A strained U.S. Border Patrol is getting increased attention from the Biden administration after tense meetings between senior officials and the rank-and-file as the agency deals with one of the largest spikes in migration along the U.S.-Mexico border in decades, the Associated Press reports. Department of Homeland Security Secretary Alejandro Mayorkas, who oversees the Border Patrol, laid out 19 ways to address working conditions after frosty receptions by agents, said Chris Magnus, the commissioner of Customs and Border Protection. Efforts to deal with working conditions for agents come as President Biden has been criticized across the political spectrum over immigration. He has sought to reverse hardcore policies of his predecessor but has come under fire over border issues that could cause trouble for Democrats in the midterm elections.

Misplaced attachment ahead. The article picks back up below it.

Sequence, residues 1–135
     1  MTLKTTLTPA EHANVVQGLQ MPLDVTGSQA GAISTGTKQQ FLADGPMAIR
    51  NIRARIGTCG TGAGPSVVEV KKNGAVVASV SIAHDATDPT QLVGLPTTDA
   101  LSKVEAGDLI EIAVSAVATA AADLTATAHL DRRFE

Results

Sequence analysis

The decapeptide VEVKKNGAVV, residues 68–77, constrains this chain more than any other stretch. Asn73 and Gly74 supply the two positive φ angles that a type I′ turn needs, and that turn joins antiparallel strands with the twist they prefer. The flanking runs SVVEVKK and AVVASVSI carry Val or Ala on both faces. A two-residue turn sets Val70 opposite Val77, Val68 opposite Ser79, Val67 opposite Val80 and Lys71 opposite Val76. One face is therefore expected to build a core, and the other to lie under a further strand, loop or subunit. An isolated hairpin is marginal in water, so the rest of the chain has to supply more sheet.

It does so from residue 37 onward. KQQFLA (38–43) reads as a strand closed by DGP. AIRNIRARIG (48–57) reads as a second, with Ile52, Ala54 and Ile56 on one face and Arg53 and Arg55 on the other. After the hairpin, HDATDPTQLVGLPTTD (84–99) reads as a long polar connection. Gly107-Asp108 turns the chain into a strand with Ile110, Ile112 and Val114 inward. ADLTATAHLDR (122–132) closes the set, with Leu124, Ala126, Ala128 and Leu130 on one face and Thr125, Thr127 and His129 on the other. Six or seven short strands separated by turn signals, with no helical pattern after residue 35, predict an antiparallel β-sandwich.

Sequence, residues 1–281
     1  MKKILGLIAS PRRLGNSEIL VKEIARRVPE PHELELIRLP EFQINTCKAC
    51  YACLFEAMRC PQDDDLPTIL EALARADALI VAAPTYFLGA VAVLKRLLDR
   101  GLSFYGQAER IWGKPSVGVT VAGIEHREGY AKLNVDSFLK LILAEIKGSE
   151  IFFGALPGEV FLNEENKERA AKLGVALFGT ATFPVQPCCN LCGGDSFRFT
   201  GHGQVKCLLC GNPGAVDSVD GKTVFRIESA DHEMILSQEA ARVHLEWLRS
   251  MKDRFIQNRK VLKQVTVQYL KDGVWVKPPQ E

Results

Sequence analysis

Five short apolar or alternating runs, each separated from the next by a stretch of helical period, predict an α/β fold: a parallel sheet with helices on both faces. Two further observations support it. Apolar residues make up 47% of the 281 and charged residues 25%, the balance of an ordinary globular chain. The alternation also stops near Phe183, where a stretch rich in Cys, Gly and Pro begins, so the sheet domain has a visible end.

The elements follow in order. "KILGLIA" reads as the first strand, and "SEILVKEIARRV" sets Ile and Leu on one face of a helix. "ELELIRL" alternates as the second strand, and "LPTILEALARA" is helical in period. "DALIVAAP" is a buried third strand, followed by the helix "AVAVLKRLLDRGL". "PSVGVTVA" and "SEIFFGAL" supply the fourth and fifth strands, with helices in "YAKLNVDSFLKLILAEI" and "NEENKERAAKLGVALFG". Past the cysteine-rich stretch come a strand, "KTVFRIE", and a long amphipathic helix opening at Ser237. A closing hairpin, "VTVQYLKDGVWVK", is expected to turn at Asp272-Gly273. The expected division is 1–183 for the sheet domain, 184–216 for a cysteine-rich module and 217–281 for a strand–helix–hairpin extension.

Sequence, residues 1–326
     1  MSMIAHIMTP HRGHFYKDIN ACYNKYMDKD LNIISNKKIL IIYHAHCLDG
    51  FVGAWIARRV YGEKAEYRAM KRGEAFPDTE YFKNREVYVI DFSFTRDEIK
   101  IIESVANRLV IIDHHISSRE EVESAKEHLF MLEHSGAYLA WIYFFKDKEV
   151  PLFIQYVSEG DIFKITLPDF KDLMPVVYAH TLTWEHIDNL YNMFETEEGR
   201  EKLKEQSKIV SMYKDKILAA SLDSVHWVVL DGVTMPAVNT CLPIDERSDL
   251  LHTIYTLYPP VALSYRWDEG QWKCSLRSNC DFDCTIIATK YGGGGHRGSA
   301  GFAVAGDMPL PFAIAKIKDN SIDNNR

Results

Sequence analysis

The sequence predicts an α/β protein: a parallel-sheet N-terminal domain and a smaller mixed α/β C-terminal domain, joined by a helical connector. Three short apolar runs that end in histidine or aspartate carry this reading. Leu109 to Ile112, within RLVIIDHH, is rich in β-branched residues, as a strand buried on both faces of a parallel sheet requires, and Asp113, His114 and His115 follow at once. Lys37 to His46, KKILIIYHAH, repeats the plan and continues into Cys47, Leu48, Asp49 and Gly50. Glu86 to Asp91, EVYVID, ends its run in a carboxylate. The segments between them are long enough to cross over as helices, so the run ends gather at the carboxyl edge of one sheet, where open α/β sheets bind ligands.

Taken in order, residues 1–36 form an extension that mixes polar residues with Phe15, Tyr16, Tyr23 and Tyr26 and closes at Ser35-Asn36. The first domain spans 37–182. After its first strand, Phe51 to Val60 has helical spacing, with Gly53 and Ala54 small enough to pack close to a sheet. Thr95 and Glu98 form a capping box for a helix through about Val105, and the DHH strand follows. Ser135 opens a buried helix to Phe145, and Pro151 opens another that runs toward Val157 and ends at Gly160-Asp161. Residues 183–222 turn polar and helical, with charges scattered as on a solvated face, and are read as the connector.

CBP encountered migrants from around the world about 1.7 million times along the U.S.-Mexico border last year. The total is inflated by repeated apprehensions of people who were turned away, without being given a chance to seek asylum, under a public health order issued at the start of the pandemic. The administration has sought to address the cause of migration, including by increasing aid to Central America and re-starting a visa program that was ended under President Trump. Border agents met late last month with Mayorkas and Border Patrol Chief Raul Ortiz, who acknowledged morale was at an “all-time low.” One agent complained about “doing nothing” except releasing people into the U.S., referring to the practice of allowing migrants to remain free while their cases wind through immigration court.